This edition will be most useful when looking back at the theater history of the 1920s. The introduction, notes before each play, footnotes, and even some images paint a vivid picture of how Tretyakov worked with his collaborators, mainly Eisenstein and Meyerhold. They were able to realize their visions by experimenting with everything from the content and structure of the plays to their specific staging, often incorporating audience interaction and film. Therefore, this edition will help shape further scholarship on the Soviet Avant Garde Theater.

There has been prior research and scholarship devoted to Tretyakov, but Leach’s efforts are probably the most focused. Elizabeth Papazian dedicated a chapter to Tretyakov in her book, Manufacturing Truth: The Documentary Movement in Early Soviet Culture. Also, books that paint a larger picture of the turbulent 20’s, such as John Bowlt’s Russian Art of the Avant Garde certainly do not leave Tretyakov out of the picture. However, due to his extensive collaborations and experimentation, Leach and Holland’s work certainly stands out because of their focus distinctly on Tretyakov’s theater work.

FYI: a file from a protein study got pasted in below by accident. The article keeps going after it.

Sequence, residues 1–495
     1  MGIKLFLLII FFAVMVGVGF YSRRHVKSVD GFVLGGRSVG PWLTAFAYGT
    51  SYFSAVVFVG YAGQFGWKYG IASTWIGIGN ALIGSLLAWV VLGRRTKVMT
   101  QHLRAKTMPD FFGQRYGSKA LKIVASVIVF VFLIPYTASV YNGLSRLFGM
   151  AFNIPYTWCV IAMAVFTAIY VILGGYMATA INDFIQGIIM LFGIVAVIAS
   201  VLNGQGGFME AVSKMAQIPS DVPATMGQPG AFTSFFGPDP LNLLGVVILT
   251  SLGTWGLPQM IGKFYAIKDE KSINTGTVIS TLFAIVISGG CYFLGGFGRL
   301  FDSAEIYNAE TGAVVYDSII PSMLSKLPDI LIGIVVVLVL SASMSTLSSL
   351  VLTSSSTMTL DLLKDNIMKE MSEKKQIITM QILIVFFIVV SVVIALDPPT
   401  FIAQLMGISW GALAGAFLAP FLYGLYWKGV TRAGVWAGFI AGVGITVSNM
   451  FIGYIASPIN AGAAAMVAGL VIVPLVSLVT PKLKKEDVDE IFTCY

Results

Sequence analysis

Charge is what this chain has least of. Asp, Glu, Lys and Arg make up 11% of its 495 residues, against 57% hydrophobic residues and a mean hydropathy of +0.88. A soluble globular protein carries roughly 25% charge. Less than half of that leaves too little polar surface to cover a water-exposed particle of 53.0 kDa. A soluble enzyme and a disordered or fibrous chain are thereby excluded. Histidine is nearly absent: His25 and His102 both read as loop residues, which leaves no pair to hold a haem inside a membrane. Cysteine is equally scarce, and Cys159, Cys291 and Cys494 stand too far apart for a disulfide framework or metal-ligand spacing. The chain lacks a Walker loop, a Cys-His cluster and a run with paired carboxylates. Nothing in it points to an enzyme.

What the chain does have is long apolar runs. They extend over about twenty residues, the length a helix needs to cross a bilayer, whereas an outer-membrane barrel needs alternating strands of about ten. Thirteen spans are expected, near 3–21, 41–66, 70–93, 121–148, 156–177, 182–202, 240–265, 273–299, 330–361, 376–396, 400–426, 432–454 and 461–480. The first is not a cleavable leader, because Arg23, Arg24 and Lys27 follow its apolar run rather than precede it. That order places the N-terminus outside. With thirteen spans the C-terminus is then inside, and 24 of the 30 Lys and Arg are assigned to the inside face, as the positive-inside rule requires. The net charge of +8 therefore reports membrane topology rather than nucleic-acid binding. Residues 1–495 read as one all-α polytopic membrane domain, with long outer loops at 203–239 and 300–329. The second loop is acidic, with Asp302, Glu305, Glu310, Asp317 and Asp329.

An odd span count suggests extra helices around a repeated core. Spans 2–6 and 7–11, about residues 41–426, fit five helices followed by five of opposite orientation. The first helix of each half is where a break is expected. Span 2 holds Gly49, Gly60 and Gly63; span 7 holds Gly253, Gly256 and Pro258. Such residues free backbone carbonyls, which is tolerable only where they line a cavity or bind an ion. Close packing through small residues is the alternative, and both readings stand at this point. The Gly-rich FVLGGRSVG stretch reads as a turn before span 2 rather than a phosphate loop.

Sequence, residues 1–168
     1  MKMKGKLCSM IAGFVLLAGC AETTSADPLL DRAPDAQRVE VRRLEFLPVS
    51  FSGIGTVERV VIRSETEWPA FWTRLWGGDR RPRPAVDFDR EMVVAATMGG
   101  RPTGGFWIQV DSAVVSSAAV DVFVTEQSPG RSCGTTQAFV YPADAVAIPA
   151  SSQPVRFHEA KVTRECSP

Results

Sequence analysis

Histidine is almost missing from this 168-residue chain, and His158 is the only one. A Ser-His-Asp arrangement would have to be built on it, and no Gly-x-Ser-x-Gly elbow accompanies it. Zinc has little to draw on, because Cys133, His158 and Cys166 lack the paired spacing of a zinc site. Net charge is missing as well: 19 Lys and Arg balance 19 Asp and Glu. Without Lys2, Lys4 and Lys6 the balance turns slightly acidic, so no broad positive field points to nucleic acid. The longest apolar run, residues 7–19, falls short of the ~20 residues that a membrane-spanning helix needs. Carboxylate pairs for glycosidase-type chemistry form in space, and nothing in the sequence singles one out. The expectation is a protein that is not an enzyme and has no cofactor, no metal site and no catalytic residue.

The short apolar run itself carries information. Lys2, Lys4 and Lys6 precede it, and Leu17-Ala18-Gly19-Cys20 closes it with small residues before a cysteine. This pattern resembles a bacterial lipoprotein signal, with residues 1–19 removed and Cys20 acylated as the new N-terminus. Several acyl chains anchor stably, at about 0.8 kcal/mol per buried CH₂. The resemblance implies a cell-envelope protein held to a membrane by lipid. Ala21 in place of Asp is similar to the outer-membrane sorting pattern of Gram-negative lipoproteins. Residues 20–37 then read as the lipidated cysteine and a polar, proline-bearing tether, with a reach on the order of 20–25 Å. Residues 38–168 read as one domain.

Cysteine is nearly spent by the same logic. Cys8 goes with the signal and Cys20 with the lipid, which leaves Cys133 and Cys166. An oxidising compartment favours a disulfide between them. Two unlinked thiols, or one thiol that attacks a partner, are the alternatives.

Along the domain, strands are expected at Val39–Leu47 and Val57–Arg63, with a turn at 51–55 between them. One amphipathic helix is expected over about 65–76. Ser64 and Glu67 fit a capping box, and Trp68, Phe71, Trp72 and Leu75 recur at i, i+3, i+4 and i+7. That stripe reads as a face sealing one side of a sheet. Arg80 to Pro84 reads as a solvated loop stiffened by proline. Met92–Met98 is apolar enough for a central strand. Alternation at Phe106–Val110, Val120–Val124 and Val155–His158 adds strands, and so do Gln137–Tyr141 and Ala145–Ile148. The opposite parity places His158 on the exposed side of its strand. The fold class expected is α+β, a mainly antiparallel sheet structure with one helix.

Since it is only a collection of plays, all of which were written in the 1920’s, the edition runs into the narrative trap of painting the 1920’s as the free-wheeling, artistically free period, until it all stopped at the arrival of Stalin. This narrative of that decade is completely overused because it shortchanges all the artistic, cultural, and political debates that ran into the 1930’s, many of which, Tretyakov was an active participant. Even in the beginning of the introduction, Leach references Bowlt’s work, which notes that Tretyakov participated in the First All-Union Congress of Soviet Writers and briefly discusses Tretyakov’s work at LEF and Novy LEF. Therefore, by only focusing on the plays, much of the complexities of Tretyakov’s career are dismissed. On the back cover, it notes that Leach is currently underway on a full Tretyakov biography, which will hopefully illuminate these aspects of Tretyakov’s life. Until the biography is published, this collection of Tretyakov’s plays portray his most daring artistic experiments, some of which were the most theatrical and exciting of the Early Soviet era.